The European Institute’s Roundtable on Telecommunications, Information Technology and Media Policies provides a transatlantic forum for government and industry principals to address the wide range of critical issues affecting the ever-changing information society and its infrastructure. Global communication demands increased cooperation between the European Union and the United States to develop effective policies that stimulate scientific and technological innovation, promote systemic and regulatory compatibility, enhance competition, build consensus on internet governance, and address privacy concerns.

Through participation in the Roundtable, members are given unique access to leading U.S. and European policymakers and an insight into initiatives before they become policy. Members use the Roundtable to analyze emerging technologies, identify specific areas of common ground and promote creative policy solutions.

Recent Meetings

Dr. Jacques Bus, Head of Unit, Information and Communication Technology (ICT) for Trust and Security, DG Information Society at the European Commission outlined the European Union’s research priorities in seeking to ensure the security of critical infrastructures and networks, including the Internet. Presenting a U.S. perspectives were: Dr. David Boyd, Director, Command, Control, and Interoperability Division, U.S. Department of Homeland Security; Andy Purdy, former Acting Director of the National Cyber Security Division/US-CERT of the U.S. Department of Homeland Security and current President of DRA Enterprises, Inc.; and Dr. Herbert Lin, Chief Scientist on the Computer Science and Telecommunications Board of the National Research Council. Roger Cochetti, Group Director for U.S. Public Policy at Computing Technology Industry Association moderated the discussion.

Jean-François Bureau, Assistant Secretary General for Public Diplomacy, NATO discussed NATO’s new strategic concepts as it looks ahead to the 2009 summit, which include prevention of terrorism and maritime awareness, cyber-defense, missile defense and energy security. He also discussed the significance of public diplomacy as NATO redefines its role in order to meet the new security challenges of the 21st century and transitions from a military defense organization into a broader regional security organization. H.E. Andreas Kakouris, Ambassador of Cyprus; H.E. Mark Miceli-Farrugia, Ambassador of Malta; H.E. Dominique Struye de Swielande, Ambassador of Belgium; and H.E. Adrian Vierita, Ambassador of Romania; as well as Gerald Pease, Executive Director, Department of Defense Policy Board on Federal Aviation Leo Michel, a Senior Research Fellow at the Institute for National Strategic Studies (INSS), National Defense University moderated the meeting.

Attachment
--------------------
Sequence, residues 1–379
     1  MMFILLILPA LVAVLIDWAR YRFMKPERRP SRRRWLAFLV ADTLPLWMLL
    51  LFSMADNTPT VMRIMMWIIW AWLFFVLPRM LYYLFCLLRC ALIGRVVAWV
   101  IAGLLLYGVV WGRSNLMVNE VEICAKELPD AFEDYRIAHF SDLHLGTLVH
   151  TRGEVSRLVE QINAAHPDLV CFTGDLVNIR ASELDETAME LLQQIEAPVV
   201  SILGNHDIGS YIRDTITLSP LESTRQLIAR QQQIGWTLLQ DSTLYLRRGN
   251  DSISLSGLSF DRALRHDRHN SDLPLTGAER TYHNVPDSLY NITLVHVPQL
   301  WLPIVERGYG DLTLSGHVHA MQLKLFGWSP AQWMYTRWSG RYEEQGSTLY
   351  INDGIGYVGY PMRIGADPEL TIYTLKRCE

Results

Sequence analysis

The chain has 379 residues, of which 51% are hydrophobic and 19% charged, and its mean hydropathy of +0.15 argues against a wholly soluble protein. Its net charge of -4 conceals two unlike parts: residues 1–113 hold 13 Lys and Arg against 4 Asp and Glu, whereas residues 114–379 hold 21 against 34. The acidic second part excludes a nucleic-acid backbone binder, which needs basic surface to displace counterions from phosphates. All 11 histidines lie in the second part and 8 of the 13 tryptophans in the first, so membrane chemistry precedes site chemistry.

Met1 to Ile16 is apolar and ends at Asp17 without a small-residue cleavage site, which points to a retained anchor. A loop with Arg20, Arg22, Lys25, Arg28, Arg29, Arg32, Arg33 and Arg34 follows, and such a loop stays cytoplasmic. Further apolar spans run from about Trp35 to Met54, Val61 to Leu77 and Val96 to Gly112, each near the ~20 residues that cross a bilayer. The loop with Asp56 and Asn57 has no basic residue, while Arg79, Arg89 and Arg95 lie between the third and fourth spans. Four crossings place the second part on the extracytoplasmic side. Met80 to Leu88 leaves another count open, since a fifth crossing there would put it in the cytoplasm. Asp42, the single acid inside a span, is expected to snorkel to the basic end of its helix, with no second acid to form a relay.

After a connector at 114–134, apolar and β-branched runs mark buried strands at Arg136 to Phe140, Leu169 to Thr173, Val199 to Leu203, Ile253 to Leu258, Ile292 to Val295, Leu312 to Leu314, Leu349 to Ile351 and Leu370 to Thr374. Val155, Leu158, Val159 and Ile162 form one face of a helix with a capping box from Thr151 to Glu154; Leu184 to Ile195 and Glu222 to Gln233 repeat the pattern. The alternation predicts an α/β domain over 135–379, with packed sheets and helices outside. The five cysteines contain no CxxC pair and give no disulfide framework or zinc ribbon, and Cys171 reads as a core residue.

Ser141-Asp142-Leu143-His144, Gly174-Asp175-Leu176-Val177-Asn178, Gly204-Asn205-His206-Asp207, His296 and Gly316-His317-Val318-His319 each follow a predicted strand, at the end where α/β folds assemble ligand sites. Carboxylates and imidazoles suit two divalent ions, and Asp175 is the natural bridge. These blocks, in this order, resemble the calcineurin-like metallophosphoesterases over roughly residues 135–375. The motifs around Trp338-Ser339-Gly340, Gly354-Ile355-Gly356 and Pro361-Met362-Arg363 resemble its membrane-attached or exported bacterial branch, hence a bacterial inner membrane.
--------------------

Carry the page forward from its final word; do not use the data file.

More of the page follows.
Peter Hustinx, European Data Protection Supervisor, addressed the transatlantic debate over data privacy, focusing on the EU’s existing data protection system and the risks posed by constant technological innovation as well as increased demands by law enforcement officials on both sides of the Atlantic for deeper and more immediate data exchanges. Paul Rosenzweig, Deputy Assistant Secretary for Policy, Department of Homeland Security, offered the U.S. perspective on building an effective law enforcement framework for the sharing of personal data. Yael Weinman, Counsel for International Consumer Protection, Federal Trade Commission gave the consumer protection aspect. The meeting was moderated by James Halpert, Partner, DLA Piper.

Dr. Isi Saragossi, Director of the European Commission’s “European Research Area: Knowledge-Based Economy” directorate, and Dr. Charles Wessner, Director of Technology, Innovation and Entrepreneurship at The National Academies in Washington, D.C. discussed the priorities of U.S. and European research policy and the challenges and opportunities for policy makers and the scientific communities. The discussion was moderated by Kathleen Kingscott, IBM Industry Chair and Visiting Professor, Industrial College of the Armed Forces, National Defense University.

The European Institute convened the third in the continuing series of discussions about the transatlantic search for common standards in new technologies, internet governance and cyber security. Jacques Bus, Head of Unit ICT for Trust and Security of the European Commission stressed the importance of bringing researchers together from both sides of the Atlantic to improve cooperation. Offering a U.S. perspective, John Kropf, Director of International Privacy Programs, Privacy Office of the U.S. Department of Homeland Security suggested strategic development on the international level and filling in the gaps between the E.U. and U.S. The meeting was chaired by Donald Abelson of Sudbury International, LLC.

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